Now has this solved all the problems...of course not! But if students don't get their contract signed, they receive the same penalty as not completing math or science or social studies homework. I also know the parent may not really know if their child has read or not. I have had a parent that went ahead and initialed every night of the grading period on the first night her son brought his reading contract home (Hello!?! Did she think I wouldn't notice!) Some children can't seem to pin their parents down to sign it because they work late or go to night school, and I work with these students. But this also shows my parents and students that I am serious about reading at-home.
This is what works for me, but I know there are other ways. How you hold your students accountable for their at-home reading?
So, I think I may have told you that I use these Caught You Being Good coins (if not, now you know...) for positive reinforcement in my classroom.
Do you like these coins?
Click on the picture to go to Oriental Trading Company to get some for yourself!
My students can earn these in many ways...good behavior... classroom jobs...and for completing some voluntary extra at-home study!
One way my students can earn extra coins is through completing math fact practice at home through the Math Stars program.
Students can earn one coin for twenty minutes of math fact practice (flashcards, math app on an iPad/Phone/Pod, online practice, or timed-tests packet) on Monday through Thursday and two coins for practice on Friday, Saturday, or Sunday.
Another way to earn extra coins is through Read to Succeed.
I require my students to read 20 minutes as part of homework on Monday through Thursday. But, I will reward students who read beyond that time. Like Math Stars, students can earn one coin for an additional 20 minutes on Monday through Thursday. They can also earn two coins for reading at least 20 minutes on Friday, Saturday, or Sunday.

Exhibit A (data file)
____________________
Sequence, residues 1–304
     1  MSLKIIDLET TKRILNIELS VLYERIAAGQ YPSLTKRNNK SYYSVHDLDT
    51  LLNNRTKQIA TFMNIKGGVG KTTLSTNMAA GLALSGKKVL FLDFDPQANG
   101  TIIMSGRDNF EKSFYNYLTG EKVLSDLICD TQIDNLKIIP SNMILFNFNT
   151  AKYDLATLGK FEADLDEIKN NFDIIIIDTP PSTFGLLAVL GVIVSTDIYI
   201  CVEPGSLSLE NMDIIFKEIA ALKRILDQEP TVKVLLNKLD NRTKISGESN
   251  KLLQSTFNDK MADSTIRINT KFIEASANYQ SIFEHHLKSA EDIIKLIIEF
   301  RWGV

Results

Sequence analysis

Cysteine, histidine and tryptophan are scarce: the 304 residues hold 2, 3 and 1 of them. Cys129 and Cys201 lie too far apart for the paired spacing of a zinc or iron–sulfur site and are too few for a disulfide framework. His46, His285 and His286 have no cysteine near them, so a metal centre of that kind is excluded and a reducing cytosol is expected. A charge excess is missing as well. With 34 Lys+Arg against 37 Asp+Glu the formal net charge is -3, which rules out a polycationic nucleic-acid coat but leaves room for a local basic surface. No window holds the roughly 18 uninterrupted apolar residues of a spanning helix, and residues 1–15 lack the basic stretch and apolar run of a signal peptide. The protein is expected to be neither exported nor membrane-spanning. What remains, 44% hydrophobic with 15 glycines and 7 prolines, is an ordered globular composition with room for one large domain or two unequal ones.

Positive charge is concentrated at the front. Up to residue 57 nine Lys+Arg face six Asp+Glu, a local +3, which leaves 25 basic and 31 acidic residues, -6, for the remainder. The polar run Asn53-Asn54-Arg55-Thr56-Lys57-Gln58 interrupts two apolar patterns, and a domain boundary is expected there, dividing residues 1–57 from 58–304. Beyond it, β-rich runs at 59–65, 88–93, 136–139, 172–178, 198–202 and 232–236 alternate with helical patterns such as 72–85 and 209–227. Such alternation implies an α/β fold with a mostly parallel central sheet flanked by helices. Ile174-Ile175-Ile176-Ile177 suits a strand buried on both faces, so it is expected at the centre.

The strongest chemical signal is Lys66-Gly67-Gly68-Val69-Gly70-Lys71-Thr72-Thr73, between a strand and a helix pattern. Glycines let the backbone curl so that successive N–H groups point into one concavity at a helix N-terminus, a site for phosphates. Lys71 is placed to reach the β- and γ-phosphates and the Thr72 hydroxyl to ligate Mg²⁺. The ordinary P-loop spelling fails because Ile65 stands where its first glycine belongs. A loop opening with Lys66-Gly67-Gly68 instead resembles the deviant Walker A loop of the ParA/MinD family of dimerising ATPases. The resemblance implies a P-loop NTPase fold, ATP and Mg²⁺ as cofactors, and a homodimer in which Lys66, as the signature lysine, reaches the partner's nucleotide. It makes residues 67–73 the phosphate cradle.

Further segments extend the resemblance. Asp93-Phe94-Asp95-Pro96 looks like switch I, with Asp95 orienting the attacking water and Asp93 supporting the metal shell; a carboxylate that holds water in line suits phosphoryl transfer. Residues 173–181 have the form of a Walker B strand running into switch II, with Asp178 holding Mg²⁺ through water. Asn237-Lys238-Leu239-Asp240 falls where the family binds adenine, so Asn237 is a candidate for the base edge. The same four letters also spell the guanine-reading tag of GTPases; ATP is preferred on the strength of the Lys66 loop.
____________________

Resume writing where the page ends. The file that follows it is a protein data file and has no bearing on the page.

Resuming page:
My students rack up the coins with these two programs. But so can you! Surprise!
Below you will find copies of these bookmarks in color and black and white.
You can use my rules or set up your own...but having a reward of some sort will cause more students to want to participate!
What incentives do you provide your students? I would love to hear about them!
Math happens to be one of my favorite subjects to teach...mostly because I have learned so many fun new ways to teach and practice math that wasn't part of my own math education. And since I just used this resource in my classroom, I thought I would share it with you.
We have just finished up multi-digit multiplication. Due to implementing the Common Core this year, this topic was moved from a midyear topic to the beginning of the year in my school system's instructional calendar. Eeek! It is difficult enough at this time of year to get 4th graders to remember to put their names on their papers let alone the steps and procedures in long-multiplication! So this means lots of practice, practice, practice but I'm not one to tell my students to pull out the practice book or copy a packet of worksheets. I think it is more fun to play some games instead!
So while I work with small groups of students...guiding some practice or enriching others...the rest will complete practice in other ways...on iPods or task cards or games. Multiplication Three-in-a-Row is one of the games my students played this week.
Multiplication Three-in-a-Row is similar to tic-tac-toe, but there are no x's or o's. Played with two to three players, one player will choose one number from box A and another number from box B. They will then multiply these numbers. The opponent will check the player's multiplication on a calculator. If the player is correct, he or she can place a marker on the board. If incorrect, then no marker can be placed. Then it is the opponent's turn.